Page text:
Drugged driving will become an increasing problem on our roads if marijuana is legalized, according to the Alaska Association of Chiefs of Police. The organization, which represents chiefs and law enforcement commanders at the local, state and federal level, has renewed its concern about driving high on marijuana after hearing what it says are “unsupported opinions” from the proponents of Ballot Measure 2.
AACOP says marijuana legalization proponents have told the public there “is no problem” on our roads when it comes to driving while under the influence of pot.
“We feel there definitely is a problem,” said said Kalie Klaysmat, AACOP executive director.
But Taylor Bickford, spokesperson for the Campaign to Regulate Marijuana Like Alcohol in Alaska, denies a comment was made in that context. Bickford adds that driving under the influence of marijuana should be taken seriously but is not a widespread problem, given the state’s high rate of use and that it is currently being managed by law enforcement.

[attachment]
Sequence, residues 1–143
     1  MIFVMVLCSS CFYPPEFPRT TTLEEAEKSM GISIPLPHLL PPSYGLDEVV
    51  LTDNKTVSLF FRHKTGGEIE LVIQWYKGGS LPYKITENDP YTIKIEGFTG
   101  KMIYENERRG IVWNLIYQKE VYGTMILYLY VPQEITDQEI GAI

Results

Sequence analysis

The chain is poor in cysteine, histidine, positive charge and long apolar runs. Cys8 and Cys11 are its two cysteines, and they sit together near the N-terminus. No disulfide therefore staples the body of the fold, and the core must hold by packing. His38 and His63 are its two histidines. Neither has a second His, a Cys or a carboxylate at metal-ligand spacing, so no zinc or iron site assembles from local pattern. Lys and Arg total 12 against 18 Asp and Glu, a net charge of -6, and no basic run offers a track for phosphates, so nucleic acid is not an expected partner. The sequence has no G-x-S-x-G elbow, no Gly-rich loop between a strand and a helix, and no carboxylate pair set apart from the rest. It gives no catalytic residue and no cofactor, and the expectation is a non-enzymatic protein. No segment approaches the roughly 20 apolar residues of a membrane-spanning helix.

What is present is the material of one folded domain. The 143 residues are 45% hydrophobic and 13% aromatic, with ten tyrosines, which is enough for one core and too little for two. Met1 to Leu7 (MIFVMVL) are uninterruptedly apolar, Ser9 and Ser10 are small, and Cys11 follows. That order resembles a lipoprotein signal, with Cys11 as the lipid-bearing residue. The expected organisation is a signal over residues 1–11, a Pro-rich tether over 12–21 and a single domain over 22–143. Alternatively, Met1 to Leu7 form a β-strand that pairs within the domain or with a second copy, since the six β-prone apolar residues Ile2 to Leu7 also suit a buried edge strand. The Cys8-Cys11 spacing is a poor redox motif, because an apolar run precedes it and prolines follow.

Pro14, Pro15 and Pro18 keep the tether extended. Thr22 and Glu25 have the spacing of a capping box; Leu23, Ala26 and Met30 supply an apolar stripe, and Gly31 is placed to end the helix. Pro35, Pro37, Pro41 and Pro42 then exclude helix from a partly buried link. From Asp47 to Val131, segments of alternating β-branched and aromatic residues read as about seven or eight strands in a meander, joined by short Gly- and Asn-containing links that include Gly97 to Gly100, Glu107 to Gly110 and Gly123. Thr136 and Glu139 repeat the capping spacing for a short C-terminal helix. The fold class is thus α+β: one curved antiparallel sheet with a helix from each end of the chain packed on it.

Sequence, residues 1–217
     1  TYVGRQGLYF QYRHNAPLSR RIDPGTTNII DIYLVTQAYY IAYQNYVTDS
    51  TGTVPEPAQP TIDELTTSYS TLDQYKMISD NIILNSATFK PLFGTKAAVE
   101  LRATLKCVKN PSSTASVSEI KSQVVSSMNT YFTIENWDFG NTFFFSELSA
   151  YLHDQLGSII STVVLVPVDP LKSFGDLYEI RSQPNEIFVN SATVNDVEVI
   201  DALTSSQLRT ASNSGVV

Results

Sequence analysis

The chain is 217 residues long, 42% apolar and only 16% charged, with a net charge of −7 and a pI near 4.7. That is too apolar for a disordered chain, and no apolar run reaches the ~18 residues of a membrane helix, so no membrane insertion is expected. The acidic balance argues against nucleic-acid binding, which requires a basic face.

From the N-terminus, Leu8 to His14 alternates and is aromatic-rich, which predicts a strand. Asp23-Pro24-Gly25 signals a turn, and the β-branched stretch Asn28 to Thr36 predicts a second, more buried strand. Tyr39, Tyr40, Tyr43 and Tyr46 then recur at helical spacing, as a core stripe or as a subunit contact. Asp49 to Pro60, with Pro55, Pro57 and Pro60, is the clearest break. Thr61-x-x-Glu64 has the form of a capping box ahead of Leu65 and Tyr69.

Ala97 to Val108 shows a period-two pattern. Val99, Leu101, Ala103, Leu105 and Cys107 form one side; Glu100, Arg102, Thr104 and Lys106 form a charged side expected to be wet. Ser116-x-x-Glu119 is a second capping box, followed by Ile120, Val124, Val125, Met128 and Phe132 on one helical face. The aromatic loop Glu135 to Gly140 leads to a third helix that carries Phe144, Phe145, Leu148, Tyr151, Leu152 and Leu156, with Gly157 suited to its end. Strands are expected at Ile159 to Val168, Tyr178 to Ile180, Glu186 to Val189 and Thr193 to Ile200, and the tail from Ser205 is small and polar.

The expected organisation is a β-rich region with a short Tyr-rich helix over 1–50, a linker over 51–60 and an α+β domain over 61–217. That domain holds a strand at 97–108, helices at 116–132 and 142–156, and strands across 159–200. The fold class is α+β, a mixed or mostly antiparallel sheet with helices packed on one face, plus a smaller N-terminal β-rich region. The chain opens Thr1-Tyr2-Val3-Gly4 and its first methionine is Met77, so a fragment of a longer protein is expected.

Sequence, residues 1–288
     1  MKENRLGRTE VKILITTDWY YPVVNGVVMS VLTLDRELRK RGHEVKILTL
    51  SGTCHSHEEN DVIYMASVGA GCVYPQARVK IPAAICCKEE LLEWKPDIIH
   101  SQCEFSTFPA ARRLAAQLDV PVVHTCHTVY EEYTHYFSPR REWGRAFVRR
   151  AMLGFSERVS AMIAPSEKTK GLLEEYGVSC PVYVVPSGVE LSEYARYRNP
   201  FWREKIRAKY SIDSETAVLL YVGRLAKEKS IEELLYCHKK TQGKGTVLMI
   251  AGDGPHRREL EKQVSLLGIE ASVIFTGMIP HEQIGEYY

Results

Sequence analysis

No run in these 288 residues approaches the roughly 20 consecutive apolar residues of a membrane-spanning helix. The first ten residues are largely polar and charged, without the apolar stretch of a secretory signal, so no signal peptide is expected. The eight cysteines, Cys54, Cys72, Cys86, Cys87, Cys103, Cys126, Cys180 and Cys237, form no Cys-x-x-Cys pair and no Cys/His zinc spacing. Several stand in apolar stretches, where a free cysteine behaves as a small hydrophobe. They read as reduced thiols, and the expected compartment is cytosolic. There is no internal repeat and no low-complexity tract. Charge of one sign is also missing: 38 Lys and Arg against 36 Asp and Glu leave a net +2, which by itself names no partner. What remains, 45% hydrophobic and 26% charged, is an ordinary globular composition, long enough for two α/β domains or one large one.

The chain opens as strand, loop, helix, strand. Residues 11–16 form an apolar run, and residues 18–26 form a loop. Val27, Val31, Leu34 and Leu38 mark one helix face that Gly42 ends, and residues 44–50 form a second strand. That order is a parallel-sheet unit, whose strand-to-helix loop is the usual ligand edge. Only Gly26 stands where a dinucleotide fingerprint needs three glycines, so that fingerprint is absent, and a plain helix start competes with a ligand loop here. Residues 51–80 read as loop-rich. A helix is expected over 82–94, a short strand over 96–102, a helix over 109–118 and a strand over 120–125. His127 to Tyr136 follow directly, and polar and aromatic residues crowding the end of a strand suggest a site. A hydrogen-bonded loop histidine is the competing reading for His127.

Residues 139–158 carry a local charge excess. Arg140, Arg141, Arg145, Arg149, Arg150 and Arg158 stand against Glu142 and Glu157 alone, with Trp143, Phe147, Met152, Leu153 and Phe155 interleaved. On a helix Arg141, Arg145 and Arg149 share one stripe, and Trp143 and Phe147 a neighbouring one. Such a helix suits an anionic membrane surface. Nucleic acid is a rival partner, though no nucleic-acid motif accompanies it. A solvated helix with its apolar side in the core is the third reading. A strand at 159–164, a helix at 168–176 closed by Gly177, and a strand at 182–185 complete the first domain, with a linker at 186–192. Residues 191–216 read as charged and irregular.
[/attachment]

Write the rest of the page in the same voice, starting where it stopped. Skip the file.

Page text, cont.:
AACOP says drugged driving is only going to get worse if marijuana is legalized.
“A report from the President’s Office on National Drug Control Policy showed in 2006, Colorado drivers that were testing positive for marijuana were involved in 28 percent of fatal vehicle crashes involving drugs,” Klaysmat said. “By 2011, when medical marijuana was liberalized in the state, that number increased to 57 percent, so it doubled.
“The more prevalent marijuana is, the easier it is to get, the bigger the problem becomes.”
The other major concern is the difficulty in proving a driver is high because there is no breathalyzer, so blood would have to be taken.
“So that means everybody that you suspect of being impaired with marijuana is going to have to have a blood test go to a clinic, if it’s after hours it’s going to be costly in having someone able to draw blood,” Klaysmat said.
AACOP says complete data showing the effect of marijuana legalization on traffic crashes in Colorado and Washington likely won’t be available until after Alaskan’s have voted. Right now in Alaska, it’s difficult to say how many road fatalities are related to marijuana because blood tests aren’t always reported.
If approved by voters in November, marijuana use would become legal for people 21 and older. The manufacture, sale and possession would also become legal.